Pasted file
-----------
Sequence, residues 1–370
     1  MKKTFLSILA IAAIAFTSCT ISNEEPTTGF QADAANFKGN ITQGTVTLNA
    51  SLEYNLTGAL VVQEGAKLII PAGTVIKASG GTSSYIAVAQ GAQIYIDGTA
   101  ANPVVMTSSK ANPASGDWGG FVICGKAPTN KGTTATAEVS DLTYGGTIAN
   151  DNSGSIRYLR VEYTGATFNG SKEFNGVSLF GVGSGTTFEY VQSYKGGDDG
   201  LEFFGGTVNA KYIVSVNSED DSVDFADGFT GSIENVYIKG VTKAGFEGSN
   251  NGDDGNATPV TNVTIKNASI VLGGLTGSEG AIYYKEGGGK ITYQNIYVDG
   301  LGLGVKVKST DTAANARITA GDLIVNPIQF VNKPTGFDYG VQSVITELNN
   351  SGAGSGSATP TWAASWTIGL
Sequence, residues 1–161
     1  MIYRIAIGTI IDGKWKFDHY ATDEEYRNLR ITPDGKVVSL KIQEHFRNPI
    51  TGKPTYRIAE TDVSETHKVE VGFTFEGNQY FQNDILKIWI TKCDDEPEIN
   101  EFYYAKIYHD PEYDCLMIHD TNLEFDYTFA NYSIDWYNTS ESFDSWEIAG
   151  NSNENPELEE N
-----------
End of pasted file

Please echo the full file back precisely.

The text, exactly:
Sequence, residues 1–370
     1  MKKTFLSILA IAAIAFTSCT ISNEEPTTGF QADAANFKGN ITQGTVTLNA
    51  SLEYNLTGAL VVQEGAKLII PAGTVIKASG GTSSYIAVAQ GAQIYIDGTA
   101  ANPVVMTSSK ANPASGDWGG FVICGKAPTN KGTTATAEVS DLTYGGTIAN
   151  DNSGSIRYLR VEYTGATFNG SKEFNGVSLF GVGSGTTFEY VQSYKGGDDG
   201  LEFFGGTVNA KYIVSVNSED DSVDFADGFT GSIENVYIKG VTKAGFEGSN
   251  NGDDGNATPV TNVTIKNASI VLGGLTGSEG AIYYKEGGGK ITYQNIYVDG
   301  LGLGVKVKST DTAANARITA GDLIVNPIQF VNKPTGFDYG VQSVITELNN
   351  SGAGSGSATP TWAASWTIGL
Sequence, residues 1–161
     1  MIYRIAIGTI IDGKWKFDHY ATDEEYRNLR ITPDGKVVSL KIQEHFRNPI
    51  TGKPTYRIAE TDVSETHKVE VGFTFEGNQY FQNDILKIWI TKCDDEPEIN
   101  EFYYAKIYHD PEYDCLMIHD TNLEFDYTFA NYSIDWYNTS ESFDSWEIAG
   151  NSNENPELEE N